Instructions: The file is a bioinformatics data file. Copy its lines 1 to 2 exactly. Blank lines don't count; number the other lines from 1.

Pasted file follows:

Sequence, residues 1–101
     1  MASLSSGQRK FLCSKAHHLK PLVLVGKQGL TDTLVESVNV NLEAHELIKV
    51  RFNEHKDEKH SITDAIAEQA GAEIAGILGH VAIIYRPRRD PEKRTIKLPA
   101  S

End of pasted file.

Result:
Sequence, residues 1–101
     1  MASLSSGQRK FLCSKAHHLK PLVLVGKQGL TDTLVESVNV NLEAHELIKV